Home & Family
What to Expect When Negotiating on a New Construction Home
3/9/2017 9:53:46 AM

Buying a home under construction can be thrilling. The knowledge that no one has lived in it yet, everything top to bottom is brand new, the ability to customize paint colors and flooring, and let’s not forget that "new house” smell -- these are compelling reasons to buy new construction.

Another bonus is that you’re in touch with the person who built it. They can let you know all about the home, from the type of flooring chosen and the way to care for it, to the source of plumbing and lighting fixtures, in case you need to match them years later. From the roof to the foundation, they were involved in every step.

With the high volume of new construction happening in Southwest Louisiana, many home buyers are finding great homes while still in the building stage. Utilizing the skill of a qualified realtor can ensure the end result is good for the buyer. "Your realtor can advise you on making the offer so that it is appealing to the builder,” said Jade Miles, Realtor with Century 21 Bessette Realty. "Also, if the home is bought in the early stages of building and the homeowner has input on the paint colors and flooring, for example, the realtor can offer suggestions to help in resale value later on.”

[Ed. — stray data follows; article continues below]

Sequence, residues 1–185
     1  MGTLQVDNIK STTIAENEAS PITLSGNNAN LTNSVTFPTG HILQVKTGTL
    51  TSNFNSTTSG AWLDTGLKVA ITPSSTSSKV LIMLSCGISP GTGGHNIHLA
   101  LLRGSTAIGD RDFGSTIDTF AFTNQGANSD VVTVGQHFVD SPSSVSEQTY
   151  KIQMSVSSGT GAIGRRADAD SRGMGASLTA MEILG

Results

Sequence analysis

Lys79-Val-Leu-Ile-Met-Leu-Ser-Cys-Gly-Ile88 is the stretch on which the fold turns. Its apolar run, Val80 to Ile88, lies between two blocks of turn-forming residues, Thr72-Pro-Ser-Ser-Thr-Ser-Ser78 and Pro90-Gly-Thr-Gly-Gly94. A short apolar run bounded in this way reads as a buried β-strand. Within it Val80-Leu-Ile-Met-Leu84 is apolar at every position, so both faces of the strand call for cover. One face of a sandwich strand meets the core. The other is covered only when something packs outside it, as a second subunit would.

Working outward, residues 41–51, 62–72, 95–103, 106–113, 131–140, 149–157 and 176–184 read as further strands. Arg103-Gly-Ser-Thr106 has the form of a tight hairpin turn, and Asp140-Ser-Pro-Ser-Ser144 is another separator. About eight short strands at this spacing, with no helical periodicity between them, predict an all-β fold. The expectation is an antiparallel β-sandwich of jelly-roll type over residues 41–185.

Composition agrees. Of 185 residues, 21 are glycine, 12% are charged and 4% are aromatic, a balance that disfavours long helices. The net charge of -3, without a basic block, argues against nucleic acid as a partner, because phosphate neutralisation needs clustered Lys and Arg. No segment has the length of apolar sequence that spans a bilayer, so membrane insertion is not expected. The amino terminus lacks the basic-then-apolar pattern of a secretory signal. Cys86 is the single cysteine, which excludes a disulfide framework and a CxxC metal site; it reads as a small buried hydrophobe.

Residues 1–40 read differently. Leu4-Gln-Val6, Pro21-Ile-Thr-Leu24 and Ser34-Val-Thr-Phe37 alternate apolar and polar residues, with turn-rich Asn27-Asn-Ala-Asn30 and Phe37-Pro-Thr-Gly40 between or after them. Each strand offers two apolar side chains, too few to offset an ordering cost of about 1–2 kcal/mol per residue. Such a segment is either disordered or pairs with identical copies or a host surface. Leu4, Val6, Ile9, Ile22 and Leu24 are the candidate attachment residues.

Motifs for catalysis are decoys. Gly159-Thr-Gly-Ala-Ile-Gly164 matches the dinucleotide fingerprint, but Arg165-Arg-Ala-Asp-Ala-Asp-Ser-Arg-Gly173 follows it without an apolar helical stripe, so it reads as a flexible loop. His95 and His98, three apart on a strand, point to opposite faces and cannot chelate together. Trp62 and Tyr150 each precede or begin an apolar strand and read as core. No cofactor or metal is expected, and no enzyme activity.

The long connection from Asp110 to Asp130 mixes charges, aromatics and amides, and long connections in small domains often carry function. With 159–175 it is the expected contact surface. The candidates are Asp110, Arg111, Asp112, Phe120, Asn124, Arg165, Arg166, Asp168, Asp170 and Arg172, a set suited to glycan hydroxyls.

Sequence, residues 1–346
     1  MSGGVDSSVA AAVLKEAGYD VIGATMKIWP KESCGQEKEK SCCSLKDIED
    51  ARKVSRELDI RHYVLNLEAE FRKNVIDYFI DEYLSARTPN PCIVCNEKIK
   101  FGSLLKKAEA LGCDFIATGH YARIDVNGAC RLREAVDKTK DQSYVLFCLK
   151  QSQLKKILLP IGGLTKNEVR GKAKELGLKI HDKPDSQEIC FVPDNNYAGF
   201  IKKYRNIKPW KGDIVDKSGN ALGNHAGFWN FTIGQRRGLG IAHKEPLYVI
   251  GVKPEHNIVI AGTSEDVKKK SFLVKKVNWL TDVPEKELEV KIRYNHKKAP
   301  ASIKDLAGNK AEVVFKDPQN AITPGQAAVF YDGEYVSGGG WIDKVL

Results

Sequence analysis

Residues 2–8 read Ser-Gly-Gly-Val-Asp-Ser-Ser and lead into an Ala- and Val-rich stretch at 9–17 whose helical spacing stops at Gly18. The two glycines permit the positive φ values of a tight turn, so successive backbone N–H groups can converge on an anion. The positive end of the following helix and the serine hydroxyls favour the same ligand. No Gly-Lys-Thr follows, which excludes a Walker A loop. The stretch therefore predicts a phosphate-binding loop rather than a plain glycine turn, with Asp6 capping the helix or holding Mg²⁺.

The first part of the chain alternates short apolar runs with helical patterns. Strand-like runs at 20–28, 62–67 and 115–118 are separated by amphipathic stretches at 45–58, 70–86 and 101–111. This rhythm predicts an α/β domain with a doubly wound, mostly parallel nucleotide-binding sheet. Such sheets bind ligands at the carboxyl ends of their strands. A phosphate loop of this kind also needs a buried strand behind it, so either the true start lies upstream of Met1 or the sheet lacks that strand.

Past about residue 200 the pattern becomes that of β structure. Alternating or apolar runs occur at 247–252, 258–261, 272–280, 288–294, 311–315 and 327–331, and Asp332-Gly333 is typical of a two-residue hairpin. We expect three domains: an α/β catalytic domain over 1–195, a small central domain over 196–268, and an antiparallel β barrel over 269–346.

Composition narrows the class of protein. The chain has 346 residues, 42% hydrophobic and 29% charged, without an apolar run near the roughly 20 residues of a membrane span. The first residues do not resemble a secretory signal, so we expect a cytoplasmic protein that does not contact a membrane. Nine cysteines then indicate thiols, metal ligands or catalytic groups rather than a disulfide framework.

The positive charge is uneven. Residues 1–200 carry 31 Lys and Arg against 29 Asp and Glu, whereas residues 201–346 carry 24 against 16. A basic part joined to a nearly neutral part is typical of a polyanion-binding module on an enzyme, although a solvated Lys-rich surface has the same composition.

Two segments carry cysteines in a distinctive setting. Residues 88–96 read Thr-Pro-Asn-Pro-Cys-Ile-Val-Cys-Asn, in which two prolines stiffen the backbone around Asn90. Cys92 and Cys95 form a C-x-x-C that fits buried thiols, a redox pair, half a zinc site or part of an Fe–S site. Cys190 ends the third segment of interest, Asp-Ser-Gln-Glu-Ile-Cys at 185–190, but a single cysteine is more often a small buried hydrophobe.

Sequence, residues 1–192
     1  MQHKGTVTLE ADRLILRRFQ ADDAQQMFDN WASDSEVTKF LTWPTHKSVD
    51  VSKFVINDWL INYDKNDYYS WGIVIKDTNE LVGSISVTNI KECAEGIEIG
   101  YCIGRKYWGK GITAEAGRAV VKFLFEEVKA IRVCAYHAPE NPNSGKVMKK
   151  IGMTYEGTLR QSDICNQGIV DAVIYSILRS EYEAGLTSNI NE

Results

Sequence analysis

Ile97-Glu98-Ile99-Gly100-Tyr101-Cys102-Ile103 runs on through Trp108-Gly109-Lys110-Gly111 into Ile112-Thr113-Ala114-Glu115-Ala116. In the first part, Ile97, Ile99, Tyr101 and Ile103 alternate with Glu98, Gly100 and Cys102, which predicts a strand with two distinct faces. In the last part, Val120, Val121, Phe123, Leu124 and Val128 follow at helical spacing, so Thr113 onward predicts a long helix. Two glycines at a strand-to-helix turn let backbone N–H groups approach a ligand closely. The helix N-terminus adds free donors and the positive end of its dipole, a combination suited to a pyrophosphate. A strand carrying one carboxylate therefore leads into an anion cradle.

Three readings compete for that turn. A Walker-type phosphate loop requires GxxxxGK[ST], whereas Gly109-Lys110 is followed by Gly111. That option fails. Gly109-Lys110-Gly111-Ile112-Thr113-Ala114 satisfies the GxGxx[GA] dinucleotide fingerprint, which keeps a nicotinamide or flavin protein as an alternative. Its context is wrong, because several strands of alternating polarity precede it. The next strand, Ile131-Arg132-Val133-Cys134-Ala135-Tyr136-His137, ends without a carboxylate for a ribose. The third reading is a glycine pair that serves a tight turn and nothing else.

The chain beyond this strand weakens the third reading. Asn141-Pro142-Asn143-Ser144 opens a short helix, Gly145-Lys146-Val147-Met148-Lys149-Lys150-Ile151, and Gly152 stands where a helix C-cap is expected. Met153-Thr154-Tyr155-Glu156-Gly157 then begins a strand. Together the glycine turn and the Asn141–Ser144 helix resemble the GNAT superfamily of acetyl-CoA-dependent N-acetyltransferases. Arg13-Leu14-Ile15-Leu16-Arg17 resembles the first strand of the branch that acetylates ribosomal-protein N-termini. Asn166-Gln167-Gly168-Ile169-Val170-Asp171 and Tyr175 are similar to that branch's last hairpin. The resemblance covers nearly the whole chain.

One of the surprising things for homeowners to face is that, for the most part, a builder looking to sell a home in a developing neighborhood is not likely to drop the price. "A builder who is building several homes within the neighborhood knows that if he drops it for one, future buyers in the area will expect similar discounts,” explained Miles. Instead, the realtor can negotiate with the builder on other options, such as having the builder pay closing costs or perform upgrades at no additional charge. "This is a less obvious way to sweeten the deal,” she said.

Construction is almost synonymous with delays. Even though the builder projects the home to be finished by a certain date, it most likely won’t be ready. Weather, permits, changes to the house plans, and delays from vendors all affect the home’s progress; many of these things are outside of the builder’s control. Because of this, it’s best to get everything in writing.

"If you’re considering purchasing a home that is not yet complete, it’s important to spell out the agreed upon finishes in the home, such as granite countertops or real wood floors. It’s also a good idea to include the deadlines for when decisions need to be made on the house, so that everyone knows the timeline,” said Miles.

It’s also smart to address what will happen if construction is not completed on time. If the builder agrees to a bigger percentage of the closing cost if construction is delayed, it’s more of an incentive for him to stay within the agreed upon timeframe.

"Verbal agreements are not binding; therefore, it’s best to get everything in writing and signed by all parties,” Miles explained.

Using a realtor to negotiate a new construction purchase will keep your best interest as their priority so that you end up with a fair deal.

Posted by: Christine Fisher | Submit comment | Tell a friend


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